In Some Studies, Daily Supplements Were Effective; Larger Independent Studies Are Needed

The Ache: Common cholesterol-lowering drugs called statins can have unpleasant side effects, including muscle aches and weakness.

The Claim: An extract from a bitter, fragrant citrus fruit called bergamot, commonly known as a flavoring in Earl Grey tea, can lower cholesterol with minimal side effects, some scientists say. It also boosts good cholesterol, reduces fatty deposits in the liver and lowers blood sugar, they add.

The Verdict: Bergamot has been shown to lower cholesterol in at least four human studies published or presented at scientific meetings. But much of the work is authored by a group of Italian researchers who work closely with a company that sells the extract, scientists say. Larger, independent studies in other countries are needed to confirm the results, they say.

Bergamot fruit grows on sunny slopes in Southern Italy and are rich in substances called flavonoids, which likely are the reason for its beneficial effects says Arrigo Cicero, a scientist in the atherosclerosis and metabolic disease research unit of the University of Bologna. But he adds that he feels additional human studies are needed to prove efficacy.

Flavonoids are antioxidants, or substances some scientists believe reduce chemical reactions in the body that damage cells. Earl Grey tea likely contains too little bergamot to have a therapeutic effect, scientists say, though the tea is high in another class of antioxidant called catechins.

Bergamot supplements, often in 500 milligram or 650 milligram capsules or tablets, are intended to be taken before meals. In human studies, a bergamot extract was shown effective at a dose of 500 milligrams to 1,500 milligrams a day, according to published results.

In a month long study of 77 patients published in 2013 in the International Journal of Cardiology, 1,000 milligrams daily of bergamot extract lowered cholesterol from an average of 278 milligrams per deciliter of blood to 191.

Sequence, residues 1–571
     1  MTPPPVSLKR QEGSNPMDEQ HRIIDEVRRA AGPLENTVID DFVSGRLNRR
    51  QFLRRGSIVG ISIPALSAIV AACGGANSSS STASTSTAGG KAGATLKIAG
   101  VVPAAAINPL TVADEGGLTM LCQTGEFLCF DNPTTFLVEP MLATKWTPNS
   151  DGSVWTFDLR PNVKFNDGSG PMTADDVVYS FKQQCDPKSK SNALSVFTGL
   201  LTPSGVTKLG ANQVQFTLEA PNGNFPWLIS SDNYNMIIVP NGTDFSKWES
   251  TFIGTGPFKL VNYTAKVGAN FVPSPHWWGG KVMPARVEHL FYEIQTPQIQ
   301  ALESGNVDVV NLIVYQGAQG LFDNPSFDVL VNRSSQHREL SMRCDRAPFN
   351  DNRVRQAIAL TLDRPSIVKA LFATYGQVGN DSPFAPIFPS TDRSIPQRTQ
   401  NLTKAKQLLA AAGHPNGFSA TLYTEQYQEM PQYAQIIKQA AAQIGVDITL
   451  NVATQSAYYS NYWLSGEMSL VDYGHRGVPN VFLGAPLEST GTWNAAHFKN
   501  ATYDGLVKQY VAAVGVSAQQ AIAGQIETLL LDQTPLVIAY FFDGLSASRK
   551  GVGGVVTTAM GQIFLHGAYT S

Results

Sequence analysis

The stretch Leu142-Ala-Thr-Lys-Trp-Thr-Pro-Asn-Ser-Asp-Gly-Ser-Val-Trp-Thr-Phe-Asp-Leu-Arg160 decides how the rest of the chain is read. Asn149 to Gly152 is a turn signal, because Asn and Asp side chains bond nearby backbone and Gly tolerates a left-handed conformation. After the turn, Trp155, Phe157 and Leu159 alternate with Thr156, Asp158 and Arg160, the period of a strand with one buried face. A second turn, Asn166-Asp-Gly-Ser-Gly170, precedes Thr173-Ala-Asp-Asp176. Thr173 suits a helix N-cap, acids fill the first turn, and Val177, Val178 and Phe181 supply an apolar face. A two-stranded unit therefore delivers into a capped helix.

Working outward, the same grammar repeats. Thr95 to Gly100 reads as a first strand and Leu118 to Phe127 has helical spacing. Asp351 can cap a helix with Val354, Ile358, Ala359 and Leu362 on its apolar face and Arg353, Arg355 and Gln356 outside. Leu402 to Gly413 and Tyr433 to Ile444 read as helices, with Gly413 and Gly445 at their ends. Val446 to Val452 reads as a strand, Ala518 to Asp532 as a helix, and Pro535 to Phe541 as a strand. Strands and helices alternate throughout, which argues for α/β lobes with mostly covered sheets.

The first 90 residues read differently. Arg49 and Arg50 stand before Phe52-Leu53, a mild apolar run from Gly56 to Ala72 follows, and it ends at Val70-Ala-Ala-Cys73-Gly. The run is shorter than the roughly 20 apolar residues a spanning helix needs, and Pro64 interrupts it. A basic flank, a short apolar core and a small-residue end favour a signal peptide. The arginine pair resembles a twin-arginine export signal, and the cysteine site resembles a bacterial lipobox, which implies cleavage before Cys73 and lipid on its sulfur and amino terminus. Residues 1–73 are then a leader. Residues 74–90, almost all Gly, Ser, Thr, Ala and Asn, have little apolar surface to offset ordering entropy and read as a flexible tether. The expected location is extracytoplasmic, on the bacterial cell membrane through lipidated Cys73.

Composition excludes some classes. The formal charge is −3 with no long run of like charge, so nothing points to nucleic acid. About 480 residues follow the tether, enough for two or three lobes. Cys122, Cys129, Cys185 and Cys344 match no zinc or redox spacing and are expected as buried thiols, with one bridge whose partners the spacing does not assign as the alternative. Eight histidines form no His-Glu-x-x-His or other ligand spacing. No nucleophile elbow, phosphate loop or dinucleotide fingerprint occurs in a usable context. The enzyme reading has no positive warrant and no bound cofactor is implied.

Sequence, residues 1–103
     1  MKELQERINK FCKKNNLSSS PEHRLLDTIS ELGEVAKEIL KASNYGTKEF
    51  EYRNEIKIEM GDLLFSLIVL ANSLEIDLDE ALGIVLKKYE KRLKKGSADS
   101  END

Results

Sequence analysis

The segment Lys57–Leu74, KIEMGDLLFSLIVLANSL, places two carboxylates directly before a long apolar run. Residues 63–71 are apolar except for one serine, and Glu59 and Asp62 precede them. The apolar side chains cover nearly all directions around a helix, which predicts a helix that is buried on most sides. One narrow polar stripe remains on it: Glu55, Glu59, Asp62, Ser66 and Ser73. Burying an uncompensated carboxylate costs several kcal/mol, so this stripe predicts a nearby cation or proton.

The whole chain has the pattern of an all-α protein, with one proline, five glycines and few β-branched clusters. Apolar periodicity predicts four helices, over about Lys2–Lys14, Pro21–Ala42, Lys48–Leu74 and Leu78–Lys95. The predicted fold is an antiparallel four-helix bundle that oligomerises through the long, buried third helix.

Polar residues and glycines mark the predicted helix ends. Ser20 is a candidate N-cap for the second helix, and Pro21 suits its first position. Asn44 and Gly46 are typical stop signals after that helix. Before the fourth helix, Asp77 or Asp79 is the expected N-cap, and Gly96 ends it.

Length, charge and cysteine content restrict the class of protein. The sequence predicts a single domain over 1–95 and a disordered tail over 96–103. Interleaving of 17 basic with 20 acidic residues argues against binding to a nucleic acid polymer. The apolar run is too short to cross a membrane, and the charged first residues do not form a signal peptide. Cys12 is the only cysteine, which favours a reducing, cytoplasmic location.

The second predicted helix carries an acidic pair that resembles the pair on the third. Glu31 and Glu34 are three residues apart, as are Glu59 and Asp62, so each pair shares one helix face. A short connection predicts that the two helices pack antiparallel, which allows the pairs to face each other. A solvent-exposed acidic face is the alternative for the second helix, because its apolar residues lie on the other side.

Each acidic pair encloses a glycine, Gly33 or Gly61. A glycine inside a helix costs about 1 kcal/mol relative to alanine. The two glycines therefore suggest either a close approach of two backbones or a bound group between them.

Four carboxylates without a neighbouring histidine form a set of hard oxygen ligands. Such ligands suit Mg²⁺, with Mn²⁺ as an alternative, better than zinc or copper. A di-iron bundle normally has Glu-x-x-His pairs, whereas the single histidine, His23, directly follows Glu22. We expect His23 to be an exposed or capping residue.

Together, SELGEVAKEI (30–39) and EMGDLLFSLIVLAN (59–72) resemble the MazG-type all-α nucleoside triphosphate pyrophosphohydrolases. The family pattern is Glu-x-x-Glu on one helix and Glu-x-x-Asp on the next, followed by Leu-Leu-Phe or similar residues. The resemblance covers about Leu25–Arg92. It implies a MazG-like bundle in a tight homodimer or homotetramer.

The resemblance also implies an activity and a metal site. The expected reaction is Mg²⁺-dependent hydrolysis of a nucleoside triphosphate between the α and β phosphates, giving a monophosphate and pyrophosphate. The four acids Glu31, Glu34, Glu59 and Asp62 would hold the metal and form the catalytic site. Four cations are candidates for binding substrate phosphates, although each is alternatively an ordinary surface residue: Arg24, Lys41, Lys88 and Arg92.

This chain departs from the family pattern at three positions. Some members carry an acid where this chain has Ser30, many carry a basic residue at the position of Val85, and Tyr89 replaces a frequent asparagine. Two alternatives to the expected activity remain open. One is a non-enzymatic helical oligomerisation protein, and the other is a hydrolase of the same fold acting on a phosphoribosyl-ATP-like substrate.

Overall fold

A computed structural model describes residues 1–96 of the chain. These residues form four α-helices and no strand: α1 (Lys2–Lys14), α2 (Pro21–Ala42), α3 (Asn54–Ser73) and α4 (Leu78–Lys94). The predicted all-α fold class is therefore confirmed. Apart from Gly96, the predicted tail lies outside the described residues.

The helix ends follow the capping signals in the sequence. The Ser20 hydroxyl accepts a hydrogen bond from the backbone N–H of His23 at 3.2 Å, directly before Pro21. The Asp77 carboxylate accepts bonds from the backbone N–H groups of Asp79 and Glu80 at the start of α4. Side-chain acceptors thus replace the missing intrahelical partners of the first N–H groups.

The study also found that by adding bergamot researchers were able to reduce by half the dose of the cholesterol drug rosuvastatin without a reduction in efficacy, says study co-author Vincenzo Mollace, professor at the Magna Graecia University in Catanzaro, Italy. Dr. Mollace, a cardiologist, is a paid scientific consultant to Italy’s Herbal & Antioxidant Derivatives Srl, which sells the extract for use in dietary supplements.

“The data looks very good,” says David Frid, a staff physician in the section of preventive cardiology at the Cleveland Clinic.

“But it would be beneficial for this to be reproduced [by another research group] in order to say that in fact this is a true cholesterol-lowering effect.”

“I would tell a patient the caveat is, ‘If you want to try it, you need to be aware that we don’t really know its side effects,’ ” says Dr. Frid. In addition, he adds, statins have been shown to improve health outcomes, such as reducing heart attacks, while bergamot hasn’t yet met that rigorous test.

A glass of bergamot juice tastes like sour grapefruit, making capsules a palatable way to ingest a therapeutic dose, says Annie Eng, chief executive of HP Ingredients Inc., a Bradenton, Fla., company that sells its Bergamonte brand extract to about 30 U.S. dietary-supplement companies.

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